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Thursday
Oct122017

The Director Compensation Project: Humana, Inc. (HUM)

This post is part of an ongoing series that examines the way stock exchange independence rules relate to director compensation. We are for the most part including companies from 2017’s Fortune 500 and using information found in their 2017 proxy statements.

NASDAQ and the NYSE have similar rules with respect to director independence. NYSE Rule 303A.01 requires that each listed company’s board of directors be comprised of a majority of independent directors. A director does not qualify as “independent” if he or she has a “material relationship with the company.” NYSE Rule 303A.02(a). In addition, the director is not considered independent under NYSE Rule 303A.02(b)(ii) if the director received more than $120,000 in direct compensation, other than director’s fees, during any of the previous three years. The NYSE imposes a higher independence standard for directors serving on the company’s audit committee by requiring them to comport with Rule 10A-3 (C.F.R. §240.10A-3) (see Rule 303A.06) and requires consideration by the board of directors of certain specified factors in designating directors for the Compensation Committee. See NYSE Rule 303A.02(a)(ii).

Finally, as the Commission has noted with respect to director independence:

All compensation committee members must meet the general independence standards under NYSE’s rules in addition to the two new criteria being adopted herein. The Commission therefore expects that boards, in fulfilling their obligations, will apply this standard to each such director’s individual responsibilities as a board member, including specific committee memberships such as the compensation committee. Although personal and business relationships, related party transactions, and other matters suggested by commenters are not specified either as bright-line disqualifications or explicit factors that must be considered in evaluating a director’s independence, the Commission believes that compliance with NYSE’s rules and the provision noted above would demand consideration of such factors with respect to compensation committee members, as well as to all Independent Directors on the board.

Exchange Act Release No. 68639 (Jan. 11, 2013); see also Exchange Act Release No. 68641 (Jan. 11, 2013).

Independent directors are compensated for their service on the board. The amount of “total compensation” can be seen from examining the director compensation table from the Humana Inc. (NYSE: HUM) 2017 proxy statement. According to the proxy statement, the company paid the directors the following amounts:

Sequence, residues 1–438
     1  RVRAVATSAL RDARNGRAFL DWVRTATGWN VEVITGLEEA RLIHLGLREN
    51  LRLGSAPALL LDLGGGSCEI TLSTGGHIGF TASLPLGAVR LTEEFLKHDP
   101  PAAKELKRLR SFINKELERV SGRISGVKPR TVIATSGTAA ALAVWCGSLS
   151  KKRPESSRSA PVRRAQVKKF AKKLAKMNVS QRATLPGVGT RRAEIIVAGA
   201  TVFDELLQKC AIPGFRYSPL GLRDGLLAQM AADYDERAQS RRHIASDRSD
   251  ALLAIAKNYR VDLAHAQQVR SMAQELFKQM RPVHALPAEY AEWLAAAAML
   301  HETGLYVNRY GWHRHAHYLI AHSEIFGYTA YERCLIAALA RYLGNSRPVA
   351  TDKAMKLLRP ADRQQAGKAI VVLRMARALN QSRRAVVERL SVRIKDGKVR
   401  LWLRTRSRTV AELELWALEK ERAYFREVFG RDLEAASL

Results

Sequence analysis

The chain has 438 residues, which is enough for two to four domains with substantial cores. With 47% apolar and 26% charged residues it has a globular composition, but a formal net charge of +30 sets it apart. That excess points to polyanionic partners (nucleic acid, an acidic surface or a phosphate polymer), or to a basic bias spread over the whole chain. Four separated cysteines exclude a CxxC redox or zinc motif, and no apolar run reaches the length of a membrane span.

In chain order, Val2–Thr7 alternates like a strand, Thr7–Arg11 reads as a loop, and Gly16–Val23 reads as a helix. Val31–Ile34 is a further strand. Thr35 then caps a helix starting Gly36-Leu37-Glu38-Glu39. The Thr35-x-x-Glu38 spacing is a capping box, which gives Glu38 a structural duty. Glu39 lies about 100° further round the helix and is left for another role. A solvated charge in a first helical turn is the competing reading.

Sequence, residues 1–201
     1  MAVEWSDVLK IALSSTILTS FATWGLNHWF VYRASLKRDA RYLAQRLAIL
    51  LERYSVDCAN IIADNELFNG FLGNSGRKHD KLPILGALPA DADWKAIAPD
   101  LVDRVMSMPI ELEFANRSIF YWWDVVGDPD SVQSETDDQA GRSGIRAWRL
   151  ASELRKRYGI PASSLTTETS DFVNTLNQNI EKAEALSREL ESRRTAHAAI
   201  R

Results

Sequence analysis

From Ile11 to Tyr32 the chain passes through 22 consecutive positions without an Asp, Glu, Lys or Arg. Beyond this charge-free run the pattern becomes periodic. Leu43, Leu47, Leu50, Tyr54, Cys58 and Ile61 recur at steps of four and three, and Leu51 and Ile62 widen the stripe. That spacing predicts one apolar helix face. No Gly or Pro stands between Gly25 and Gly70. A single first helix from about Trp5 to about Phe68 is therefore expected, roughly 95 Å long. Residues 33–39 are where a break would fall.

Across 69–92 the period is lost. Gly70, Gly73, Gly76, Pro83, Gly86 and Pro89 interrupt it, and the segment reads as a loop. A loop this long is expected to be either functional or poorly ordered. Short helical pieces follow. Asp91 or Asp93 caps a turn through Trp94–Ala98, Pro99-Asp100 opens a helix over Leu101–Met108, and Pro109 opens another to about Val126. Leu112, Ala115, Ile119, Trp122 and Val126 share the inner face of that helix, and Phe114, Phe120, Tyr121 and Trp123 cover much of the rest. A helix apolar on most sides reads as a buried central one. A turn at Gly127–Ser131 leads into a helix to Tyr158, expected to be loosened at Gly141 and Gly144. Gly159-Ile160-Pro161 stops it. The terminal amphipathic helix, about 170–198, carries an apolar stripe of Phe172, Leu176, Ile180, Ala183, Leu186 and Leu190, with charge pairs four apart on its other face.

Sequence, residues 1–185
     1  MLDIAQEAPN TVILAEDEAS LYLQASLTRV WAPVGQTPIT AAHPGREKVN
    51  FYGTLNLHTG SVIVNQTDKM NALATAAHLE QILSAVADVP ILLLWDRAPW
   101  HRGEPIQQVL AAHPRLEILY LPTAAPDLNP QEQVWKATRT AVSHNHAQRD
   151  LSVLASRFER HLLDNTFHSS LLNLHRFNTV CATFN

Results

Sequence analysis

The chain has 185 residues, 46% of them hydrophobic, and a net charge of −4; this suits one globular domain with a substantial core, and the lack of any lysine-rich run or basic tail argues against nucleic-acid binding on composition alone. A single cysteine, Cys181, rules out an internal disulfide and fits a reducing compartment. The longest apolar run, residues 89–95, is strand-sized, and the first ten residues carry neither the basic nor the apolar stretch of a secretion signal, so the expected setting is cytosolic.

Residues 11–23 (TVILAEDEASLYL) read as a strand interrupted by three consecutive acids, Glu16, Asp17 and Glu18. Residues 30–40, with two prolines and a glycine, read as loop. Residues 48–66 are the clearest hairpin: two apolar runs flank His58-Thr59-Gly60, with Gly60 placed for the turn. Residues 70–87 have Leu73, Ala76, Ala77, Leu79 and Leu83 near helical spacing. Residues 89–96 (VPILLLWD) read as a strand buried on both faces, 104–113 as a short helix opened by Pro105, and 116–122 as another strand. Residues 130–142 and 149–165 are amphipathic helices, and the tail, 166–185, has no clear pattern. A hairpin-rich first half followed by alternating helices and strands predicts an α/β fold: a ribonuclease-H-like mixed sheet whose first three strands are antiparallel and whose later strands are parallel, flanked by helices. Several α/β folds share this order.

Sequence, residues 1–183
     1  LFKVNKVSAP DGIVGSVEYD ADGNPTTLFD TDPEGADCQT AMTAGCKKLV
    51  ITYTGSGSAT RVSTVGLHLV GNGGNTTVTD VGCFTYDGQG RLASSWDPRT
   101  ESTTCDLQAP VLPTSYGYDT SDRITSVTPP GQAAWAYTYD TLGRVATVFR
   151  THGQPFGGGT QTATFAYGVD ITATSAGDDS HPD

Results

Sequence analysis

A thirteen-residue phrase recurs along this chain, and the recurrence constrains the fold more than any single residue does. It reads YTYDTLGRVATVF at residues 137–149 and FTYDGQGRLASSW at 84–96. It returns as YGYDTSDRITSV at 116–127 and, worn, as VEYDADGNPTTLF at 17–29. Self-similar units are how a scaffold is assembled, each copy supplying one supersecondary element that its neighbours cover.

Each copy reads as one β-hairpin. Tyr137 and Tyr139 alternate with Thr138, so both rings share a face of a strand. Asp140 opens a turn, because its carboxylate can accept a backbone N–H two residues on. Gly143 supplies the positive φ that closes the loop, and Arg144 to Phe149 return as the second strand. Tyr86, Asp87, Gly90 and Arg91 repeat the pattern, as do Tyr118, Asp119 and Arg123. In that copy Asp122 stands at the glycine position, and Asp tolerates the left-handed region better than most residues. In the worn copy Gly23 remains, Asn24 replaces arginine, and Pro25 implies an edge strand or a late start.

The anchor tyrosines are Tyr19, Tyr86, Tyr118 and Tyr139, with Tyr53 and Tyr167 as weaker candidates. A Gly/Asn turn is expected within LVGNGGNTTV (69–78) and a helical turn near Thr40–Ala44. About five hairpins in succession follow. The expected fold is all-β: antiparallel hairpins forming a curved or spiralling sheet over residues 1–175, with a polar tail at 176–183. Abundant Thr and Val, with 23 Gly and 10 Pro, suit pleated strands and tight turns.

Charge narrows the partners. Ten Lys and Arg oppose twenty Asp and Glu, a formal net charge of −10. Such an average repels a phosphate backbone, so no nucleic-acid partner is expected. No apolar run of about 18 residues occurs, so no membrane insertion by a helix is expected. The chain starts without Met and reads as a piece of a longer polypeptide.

Name

Fees Earned or Paid in Cash

($)

Stock Awards

($)

Option Awards

($)

All Other Compensation

($)

Total

($)

Frank A. D’Amelio

130,000

154,999

0

11,406

296,405

W. Roy Dunbar

117,000

154,999

0

7,283

279,282

Kurt J. Hilzinger

302,000

154,999

0

27,072

484,072

David A. Jones, Jr.

129,000

154,999

0

25,788

315,072

William J. McDonald

123,000

154,999

0

28,765

306,764

William E. Mitchell

105,000

154,999

0

27,125

287,124

David B. Nash, M.D.

105,000

154,999

0

26,113

286,112

James J. O’Brien

105,000

154,999

0

27,397

287,396

Marissa T. Peterson

105,000

154,999

0

22,476

282,475

Bruce D. Broussard served as President and Chief Executive Officer and member of the Board of Directors. As an employee director, he did not earn compensation in connection with his service on the Board.

Director Compensation. During fiscal year 2016, Humana Inc. held 19 board of directors’ meetings. Each director attended at least 75% of the total number of board and committee meetings on which he or she served. All directors attended the 2016 Annual Meeting of Shareholders. Directors are reimbursed for expenses incurred from board service, including cost of attending board meetings.

Director Tenure. In 2016, Mr. Jones Jr. held the longest tenure as a member of the Board of Directors since 1993,. Mr. Broussard holds the shortest tenure, having joined in 2013. All but four directors sit on other boards: Mr. Hilzinger serves as a director for Oncobiologics, Inc. and National Seating and Mobility, Inc., Mr. Broussard serves as a member of the Board of Directors for America’s Health Insurance Plans, Mr. D’Amelio serves on the Board of Directors for Zoetis, Inc., Mr. Jones Jr. serves as a director for Connecture, Inc. and MyHealthDirect, Inc., Mr. Mitchell serves as a director for Veritiv, Inc., Mr. Nash serves on the board of Vestagen Specialty Textiles, and Mr. O’Brien serves as a director for Albermarle Corporation, Wesco International, Inc., and Eastman Chemical Company.

CEO Compensation. Mr. Broussard, Humana’s President and Chief Executive Officer earned a total compensation of $19,722,400 in 2016. He earned a base salary of $1,235,446, stock awards of $11,888,551, option awards of $4,370,743, non-equity incentive plan compensation of $1,973,624, and other compensation of $254,036. James E. Murray, Humana’s Executive Vice President and Chief Operating Officer earned total compensation of $6,722,630. He earned a base salary of $835,470, stock awards of $3,648,846, option awards $1,198,818, non-equity incentive plan compensation of $889,775, and other compensation of $149,721.

 

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